I’ve taken the summer off from my colored pencils to travel and work on other projects that have been languishing. I went to Paris and Normandy, studied web programming and started a king size watercolor quilt.
Watercolor quilts were popular in the late ’90s; they are a great project for people like me that love to buy fabric! Over the last 15 years I collected over 1,500 different fabrics! All it takes is an 1/8th of a yard – but that still creates quite a stash.
A watercolor quilt is created using 2″ square pieces of fabric. Quilts can be a rendering of a scene or image which looks like an Impressionist painting. My favorite style is either a geometric or traditional quilt pattern that explores the hue, value, and visual texture of the fabrics. In this post, I want to share the beginning of the process.
First things first; actually 3 things carried on simultaneously. I pull out all my quilt books for inspiration. Since watercolor quilts are created with 2″ squares of fabric, I tend to steer away from patterns with circles or lots of diagonals. Circles are just plain hard to make and diagonals slow down the works because they have to be cut in two. Diagonals are not a problem with smaller quilts but this one is 8’x8’…. My squares are sorted by color and value, laid out on pieces of cardboard that display 36 fabrics each, stored in bins under my bed. Since I have not made a quilt in several years, I have a large assortment of fabric that has not been cut. Cutting and sorting is time consuming but a wonderful way to get immersed in the color. The third thing is determining the size and graphing the pattern. This last thing sounds pretty straight forward but I rotated a pattern that was laid out on the diagonal, 90 degrees. Two accountants and an engineer – we came up with 3 different numbers of blocks needed! My head was spinning!
The quilt pattern is printed in black and white so that I can see value only.This particular pattern has 4 values, I am going to be working with 3. The medium blocks vary in range of value and some gradate from dark to light so I think there will be enough variation to distinguish medium dark from medium light, there just won’t be an even number of blocks.
The only room in my house that is large enough to accommodate all my palettes is my dining room. When I start working, I will use at least 3 more tables to lay the palettes out.
The third image shows the initial sorting right after the squares are cut. Since I have made several quilts in the past, I have been collecting fabrics for future projects. Unfortunately I never quite got around to cutting them up! My cutting set up is nice – I have a 5′ cutting table which is at the right height for standing and working. I use a large cutting matt, rotary cutter, and a clear quilters ruler. It is pretty easy to cut 5 fabrics at a time with the larger rotary cutter. Fabric stores that sell quilting fabrics will usually sell 1/8th yard pieces which will yield 2, 2″ strips of fabric. I save 1 strip for possible strip quilting or replenishing my supply and I cut the other strip into 2″ pieces – this gives me 22 pieces to work with. The type of fabric that I am drawn to can be cut in this automated way because the patterns are big and fill the square. Sometimes the design is more spread out and I have to pay attention to how I cut it – called fussy cutting – otherwise I may end up with mostly solid color squares. As you can imagine, fussy cutting takes much longer! Once the squares are all cut, (since I have cut 5 at a time) I have to sort my piles into individual stacks.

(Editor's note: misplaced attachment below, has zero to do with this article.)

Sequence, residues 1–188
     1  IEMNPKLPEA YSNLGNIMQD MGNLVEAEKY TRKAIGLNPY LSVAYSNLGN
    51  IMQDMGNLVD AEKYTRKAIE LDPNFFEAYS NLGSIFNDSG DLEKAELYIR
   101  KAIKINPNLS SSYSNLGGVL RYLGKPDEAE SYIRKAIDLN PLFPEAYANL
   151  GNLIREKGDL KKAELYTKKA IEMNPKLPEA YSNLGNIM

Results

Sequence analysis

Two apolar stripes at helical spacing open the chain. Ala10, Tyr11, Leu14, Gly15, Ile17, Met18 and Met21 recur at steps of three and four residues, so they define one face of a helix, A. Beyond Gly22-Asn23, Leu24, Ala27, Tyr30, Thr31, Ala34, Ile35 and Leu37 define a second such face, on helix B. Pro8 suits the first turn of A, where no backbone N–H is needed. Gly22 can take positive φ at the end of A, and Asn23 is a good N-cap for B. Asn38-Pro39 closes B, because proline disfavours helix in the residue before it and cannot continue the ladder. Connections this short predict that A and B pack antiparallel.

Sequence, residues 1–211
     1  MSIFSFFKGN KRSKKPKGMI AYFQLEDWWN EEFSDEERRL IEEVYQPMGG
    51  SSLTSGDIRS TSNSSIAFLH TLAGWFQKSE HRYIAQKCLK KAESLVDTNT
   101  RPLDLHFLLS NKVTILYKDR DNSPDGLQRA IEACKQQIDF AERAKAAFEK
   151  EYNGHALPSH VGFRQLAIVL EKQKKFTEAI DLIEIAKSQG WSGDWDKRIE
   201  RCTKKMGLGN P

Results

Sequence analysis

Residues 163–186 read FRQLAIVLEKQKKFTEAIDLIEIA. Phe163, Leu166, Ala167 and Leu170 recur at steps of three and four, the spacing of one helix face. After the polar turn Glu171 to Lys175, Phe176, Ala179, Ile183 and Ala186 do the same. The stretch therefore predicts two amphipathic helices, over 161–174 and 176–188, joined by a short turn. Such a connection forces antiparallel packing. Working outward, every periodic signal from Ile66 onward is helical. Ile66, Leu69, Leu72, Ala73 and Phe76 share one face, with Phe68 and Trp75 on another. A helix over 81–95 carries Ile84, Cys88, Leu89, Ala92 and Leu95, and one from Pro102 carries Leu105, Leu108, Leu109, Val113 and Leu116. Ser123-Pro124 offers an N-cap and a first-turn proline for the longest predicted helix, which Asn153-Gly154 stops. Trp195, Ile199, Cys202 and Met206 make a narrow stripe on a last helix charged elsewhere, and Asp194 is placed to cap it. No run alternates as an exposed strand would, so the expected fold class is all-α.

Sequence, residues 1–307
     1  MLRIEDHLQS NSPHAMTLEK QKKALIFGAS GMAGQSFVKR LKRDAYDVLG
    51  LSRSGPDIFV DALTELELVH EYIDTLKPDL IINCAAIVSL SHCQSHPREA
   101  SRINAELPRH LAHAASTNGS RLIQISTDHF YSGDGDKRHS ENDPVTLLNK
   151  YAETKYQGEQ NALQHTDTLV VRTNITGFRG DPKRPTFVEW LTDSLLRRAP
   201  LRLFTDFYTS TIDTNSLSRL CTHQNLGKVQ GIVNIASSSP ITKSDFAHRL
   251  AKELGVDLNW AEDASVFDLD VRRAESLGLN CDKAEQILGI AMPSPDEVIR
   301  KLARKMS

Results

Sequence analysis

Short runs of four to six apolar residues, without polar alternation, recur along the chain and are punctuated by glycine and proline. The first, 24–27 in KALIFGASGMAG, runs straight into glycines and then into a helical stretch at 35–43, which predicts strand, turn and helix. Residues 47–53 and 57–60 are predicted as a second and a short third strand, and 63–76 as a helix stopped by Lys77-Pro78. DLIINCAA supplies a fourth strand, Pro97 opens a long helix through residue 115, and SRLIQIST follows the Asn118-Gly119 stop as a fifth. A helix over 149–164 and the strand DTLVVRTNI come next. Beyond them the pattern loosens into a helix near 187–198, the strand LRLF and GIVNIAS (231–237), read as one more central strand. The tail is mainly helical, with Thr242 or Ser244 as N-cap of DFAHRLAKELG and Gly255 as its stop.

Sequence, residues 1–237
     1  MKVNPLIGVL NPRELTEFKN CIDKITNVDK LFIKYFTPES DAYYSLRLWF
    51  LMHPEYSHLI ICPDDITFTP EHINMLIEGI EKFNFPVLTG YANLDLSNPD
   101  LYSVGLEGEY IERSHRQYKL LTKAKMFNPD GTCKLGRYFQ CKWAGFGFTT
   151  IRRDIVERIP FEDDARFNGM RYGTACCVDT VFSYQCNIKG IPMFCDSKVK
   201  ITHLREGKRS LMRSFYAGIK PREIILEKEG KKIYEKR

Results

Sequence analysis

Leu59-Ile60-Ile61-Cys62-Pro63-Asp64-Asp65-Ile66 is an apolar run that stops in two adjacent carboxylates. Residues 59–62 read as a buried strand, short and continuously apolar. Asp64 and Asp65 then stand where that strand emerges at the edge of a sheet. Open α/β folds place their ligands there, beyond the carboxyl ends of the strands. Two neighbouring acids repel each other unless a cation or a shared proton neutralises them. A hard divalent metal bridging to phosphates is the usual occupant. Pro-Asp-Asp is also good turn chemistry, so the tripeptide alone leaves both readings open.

One would think that with around 1,500 different fabrics to work with I’d be set. But… My quilt is going to be created by value and hue. I started out wanting to create a color wheel but couldn’t satisfactorily turn a round object into a square plus I could see needing much more fabric. I decided to make the blocks a single color. I need 128 blocks (per my calculation) and I have 10 basic colors (red, pink, orange, yellow, green, blue, purple, black, brown, and white) to spread over 32 light blocks, 32 dark blocks and 64 medium. Each block contains 49 2″ squares (that means 6,272 squares) and I try not to use the same fabric twice in a block. After several blocks, I realized that I needed more fabric! I have been to every fabric store in the Triangle, they have all been very nice (patient) but I have to mention JoAnn’s in Cary. I filled up a cart with bolts of fabric (35 bolts) and got in line.
A sales clerk eyed me and volunteered to wait on me – we enjoyed talking while she cut, one bolt at a time, and when she finished I told her that I would be back for another round unless she wanted to cut more right then. She said she was willing so 2 hours later I left with 76 1/8th yard cuts that I paid $75 for. I am so grateful for sales clerks like her!
Block #32 is the first milestone – 25% done!